CMMS/EAM vendors also had an extended message featuring new add-on modules and repackaging of existing solution sets. Top-tier EAM vendors like MRO Software ( ), Datastream ( ), Synergen ( ), and Assetpoint ( ) had messages that extended well beyond their core functionality. This picture typically included business intelligence, mobile computing, workflow, e-commerce, enterprise and plant floor integration, project management, and e-learning. These concepts are definitely not new. But they were presented in a manner that implied that these vendors were about much more than pure maintenance management.

Vendors also matured considerably since prior shows. Mobile computing was a good example. Many vendors fleshed out their product offerings by supporting wireless and batch communications, or by adding mobile inventory and asset management modules. MRO Software brought this point home by promoting a true mobile suite based on Syclo's ( ) Smart Work Manager, Smart Inventory, and Smart Asset solutions. In addition, Invensys ( ) demonstrated its Advantis EAM running on a Tablet PC in Microsoft's booth.

E-procurement and application service providers (ASP) did not play as prominent a role as in past shows. Neither MRO Software nor Datastream gave their e-commerce services top billing. Generally, vendors were prepared to talk about their ASP and hosting services, but did not see fit to mention them in their booth signage or literature. Slow adoption of these technologies may have played a part in their downgrading. But I also felt that vendors wanted to provide a more balanced message that didn't overemphasize any single offering at the expense of others.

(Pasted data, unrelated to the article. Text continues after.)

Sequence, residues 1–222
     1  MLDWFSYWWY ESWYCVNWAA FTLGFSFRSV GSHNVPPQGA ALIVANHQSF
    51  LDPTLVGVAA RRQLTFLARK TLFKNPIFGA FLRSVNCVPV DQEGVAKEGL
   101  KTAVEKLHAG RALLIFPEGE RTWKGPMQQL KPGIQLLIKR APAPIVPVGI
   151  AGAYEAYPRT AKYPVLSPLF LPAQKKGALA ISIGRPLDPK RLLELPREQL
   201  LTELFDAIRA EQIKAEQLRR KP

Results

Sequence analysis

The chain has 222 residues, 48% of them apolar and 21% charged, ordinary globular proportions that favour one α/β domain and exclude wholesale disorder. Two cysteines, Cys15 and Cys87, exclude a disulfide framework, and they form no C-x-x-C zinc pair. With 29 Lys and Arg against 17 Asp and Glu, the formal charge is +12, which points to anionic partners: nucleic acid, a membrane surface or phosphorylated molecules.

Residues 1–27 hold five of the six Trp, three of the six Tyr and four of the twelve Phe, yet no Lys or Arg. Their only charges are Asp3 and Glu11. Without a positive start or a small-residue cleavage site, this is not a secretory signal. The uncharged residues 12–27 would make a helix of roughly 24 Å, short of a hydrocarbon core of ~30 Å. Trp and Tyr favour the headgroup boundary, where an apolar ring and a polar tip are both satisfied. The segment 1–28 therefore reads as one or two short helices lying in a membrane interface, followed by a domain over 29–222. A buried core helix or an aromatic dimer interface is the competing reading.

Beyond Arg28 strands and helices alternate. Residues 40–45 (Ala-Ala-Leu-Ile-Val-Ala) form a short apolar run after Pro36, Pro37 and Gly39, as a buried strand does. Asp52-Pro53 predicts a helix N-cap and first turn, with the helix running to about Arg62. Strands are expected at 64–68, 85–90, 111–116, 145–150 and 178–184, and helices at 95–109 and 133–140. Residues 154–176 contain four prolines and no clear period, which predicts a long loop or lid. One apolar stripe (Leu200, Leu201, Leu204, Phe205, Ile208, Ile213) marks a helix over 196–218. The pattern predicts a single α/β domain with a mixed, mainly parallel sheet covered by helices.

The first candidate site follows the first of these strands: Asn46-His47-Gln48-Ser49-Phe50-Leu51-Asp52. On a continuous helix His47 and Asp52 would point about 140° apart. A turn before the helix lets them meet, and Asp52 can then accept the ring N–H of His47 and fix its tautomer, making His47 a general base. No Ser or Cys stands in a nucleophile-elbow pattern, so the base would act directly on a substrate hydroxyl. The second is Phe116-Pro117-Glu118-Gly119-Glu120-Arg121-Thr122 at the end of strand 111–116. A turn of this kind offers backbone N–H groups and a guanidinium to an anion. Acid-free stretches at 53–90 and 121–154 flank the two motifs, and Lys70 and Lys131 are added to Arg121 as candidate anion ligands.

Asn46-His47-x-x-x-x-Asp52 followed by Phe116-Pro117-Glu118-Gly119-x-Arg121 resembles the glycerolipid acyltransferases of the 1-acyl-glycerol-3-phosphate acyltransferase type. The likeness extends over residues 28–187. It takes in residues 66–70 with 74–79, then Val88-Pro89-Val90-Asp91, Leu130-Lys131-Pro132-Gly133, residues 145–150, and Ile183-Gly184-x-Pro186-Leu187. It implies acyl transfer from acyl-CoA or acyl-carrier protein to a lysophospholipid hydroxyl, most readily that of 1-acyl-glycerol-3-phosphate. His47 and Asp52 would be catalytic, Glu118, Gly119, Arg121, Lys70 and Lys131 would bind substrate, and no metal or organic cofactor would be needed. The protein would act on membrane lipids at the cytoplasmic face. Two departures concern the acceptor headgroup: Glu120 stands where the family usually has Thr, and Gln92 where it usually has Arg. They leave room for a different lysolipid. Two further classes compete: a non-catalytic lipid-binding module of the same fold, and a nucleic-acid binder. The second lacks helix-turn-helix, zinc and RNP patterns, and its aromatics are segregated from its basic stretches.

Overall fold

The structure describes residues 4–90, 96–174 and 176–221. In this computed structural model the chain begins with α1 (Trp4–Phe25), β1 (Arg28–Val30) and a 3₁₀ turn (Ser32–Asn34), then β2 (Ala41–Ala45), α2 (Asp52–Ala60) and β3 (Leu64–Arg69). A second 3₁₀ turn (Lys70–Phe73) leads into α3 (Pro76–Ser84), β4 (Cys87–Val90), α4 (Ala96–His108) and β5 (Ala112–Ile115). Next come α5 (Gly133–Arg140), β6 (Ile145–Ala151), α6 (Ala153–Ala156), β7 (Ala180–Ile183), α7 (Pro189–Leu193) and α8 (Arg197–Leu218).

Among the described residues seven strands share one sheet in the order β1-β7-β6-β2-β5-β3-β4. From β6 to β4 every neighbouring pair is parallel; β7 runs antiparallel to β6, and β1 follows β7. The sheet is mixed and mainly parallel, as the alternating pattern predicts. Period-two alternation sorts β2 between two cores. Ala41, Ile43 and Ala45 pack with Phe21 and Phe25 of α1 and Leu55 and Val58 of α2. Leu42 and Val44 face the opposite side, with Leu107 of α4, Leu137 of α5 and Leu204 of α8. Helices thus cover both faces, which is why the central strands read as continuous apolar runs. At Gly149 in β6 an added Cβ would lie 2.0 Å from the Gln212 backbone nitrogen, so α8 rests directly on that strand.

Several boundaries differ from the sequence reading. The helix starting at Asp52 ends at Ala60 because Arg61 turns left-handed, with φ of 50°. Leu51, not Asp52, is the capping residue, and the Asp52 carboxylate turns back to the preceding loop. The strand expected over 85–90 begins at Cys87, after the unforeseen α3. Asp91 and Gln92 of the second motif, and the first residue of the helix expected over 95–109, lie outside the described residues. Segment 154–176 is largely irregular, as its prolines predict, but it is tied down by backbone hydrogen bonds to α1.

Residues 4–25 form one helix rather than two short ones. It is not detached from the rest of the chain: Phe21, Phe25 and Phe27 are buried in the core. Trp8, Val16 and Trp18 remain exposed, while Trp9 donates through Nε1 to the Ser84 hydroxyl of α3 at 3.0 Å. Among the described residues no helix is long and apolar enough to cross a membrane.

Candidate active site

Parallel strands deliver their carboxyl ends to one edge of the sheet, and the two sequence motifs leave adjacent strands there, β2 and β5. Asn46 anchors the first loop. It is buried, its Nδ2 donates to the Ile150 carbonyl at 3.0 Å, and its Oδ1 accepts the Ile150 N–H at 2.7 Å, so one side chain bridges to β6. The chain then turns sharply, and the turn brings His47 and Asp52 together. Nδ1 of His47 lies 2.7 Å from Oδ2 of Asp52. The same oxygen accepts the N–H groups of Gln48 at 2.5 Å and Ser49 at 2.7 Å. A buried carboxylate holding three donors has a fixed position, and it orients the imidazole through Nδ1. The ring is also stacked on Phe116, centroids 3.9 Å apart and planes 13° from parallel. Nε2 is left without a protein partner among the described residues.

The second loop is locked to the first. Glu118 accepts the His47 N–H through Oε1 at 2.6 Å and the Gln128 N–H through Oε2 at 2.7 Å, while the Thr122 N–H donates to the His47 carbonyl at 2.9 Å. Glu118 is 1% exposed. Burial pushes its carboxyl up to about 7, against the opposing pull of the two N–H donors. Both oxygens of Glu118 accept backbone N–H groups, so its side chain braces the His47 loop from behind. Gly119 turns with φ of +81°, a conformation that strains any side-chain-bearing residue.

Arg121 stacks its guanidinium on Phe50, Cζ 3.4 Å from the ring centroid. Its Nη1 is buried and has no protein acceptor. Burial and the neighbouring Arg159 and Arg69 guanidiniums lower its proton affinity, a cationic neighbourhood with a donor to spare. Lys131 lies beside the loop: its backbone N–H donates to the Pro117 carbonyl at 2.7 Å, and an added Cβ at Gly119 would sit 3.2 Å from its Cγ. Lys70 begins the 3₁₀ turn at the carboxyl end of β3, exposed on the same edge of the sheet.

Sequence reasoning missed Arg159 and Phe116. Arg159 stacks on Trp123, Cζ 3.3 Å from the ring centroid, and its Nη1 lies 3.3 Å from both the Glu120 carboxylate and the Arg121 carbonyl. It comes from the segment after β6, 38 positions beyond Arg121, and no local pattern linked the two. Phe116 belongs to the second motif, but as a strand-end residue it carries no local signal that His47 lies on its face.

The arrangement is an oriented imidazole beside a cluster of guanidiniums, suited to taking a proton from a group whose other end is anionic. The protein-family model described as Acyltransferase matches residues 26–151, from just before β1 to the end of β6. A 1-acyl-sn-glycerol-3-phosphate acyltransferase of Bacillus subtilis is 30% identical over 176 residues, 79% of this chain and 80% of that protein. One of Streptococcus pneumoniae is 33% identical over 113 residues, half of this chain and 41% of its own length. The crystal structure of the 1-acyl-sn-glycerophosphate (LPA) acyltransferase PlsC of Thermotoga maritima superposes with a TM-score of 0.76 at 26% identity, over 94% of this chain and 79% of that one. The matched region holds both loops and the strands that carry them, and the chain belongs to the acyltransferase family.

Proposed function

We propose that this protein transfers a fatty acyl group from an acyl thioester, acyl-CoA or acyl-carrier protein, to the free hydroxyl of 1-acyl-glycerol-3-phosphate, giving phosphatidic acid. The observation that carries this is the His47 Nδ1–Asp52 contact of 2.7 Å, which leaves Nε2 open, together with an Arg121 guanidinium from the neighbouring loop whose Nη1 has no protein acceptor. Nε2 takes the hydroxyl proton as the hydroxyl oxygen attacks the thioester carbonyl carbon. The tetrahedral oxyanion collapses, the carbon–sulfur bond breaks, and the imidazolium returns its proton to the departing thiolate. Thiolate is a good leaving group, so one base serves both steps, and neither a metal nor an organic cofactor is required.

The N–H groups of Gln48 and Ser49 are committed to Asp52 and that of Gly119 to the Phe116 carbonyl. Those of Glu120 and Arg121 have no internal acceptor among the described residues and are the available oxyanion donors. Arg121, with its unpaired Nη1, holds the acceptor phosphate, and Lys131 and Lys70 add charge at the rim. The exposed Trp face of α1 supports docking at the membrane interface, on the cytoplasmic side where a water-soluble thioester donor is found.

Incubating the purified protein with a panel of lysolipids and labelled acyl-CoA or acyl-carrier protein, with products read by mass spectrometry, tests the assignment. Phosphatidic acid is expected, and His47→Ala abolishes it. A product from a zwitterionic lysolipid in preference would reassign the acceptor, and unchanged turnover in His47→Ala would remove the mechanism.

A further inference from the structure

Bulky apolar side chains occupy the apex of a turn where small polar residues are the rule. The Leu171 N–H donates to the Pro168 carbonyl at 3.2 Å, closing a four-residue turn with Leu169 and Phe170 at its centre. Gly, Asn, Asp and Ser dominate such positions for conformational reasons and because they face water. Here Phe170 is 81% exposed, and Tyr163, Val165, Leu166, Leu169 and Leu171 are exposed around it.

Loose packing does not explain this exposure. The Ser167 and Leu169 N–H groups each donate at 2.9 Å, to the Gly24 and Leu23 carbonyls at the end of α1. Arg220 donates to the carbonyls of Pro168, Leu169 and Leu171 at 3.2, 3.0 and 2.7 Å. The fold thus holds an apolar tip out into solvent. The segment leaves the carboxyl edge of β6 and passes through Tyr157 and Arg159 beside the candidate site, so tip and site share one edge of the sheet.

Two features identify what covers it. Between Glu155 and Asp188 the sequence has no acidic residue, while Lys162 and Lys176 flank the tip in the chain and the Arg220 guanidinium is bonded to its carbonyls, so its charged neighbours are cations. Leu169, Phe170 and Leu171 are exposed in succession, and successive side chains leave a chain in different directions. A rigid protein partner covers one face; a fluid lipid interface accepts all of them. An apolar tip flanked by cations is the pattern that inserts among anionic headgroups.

The extended EAM message went well beyond repackaging and enhancing add-on modules for MRO Software. With the acquisition of MainControl, an IT asset management package, MRO Software has repositioned itself as a "Strategic Asset Management" (SAM) solution provider that it claims can address all enterprise asset management needs. According to MRO, SAM has four components: production, fleet, facilities, and IT. MRO intends to position Maximo as a single, integrated solution with specific functionality that addresses the unique management needs for each asset type.

Datastream also introduced a new strategic initiative called Asset Performance Management (APM), which seeks to move its flagship EAM product, Datastream 7i, beyond the boundaries of asset management. Building on key performance indicators (KPIs) and metrics, Datastream plans to add analytic capabilities for forecasting and modeling. Business intelligence and online analytical processing is not a new concept in the EAM industry. But positioning it at the forefront of a vendor's product suite with the intent of driving business decisions is a novel approach.

Web-based architectures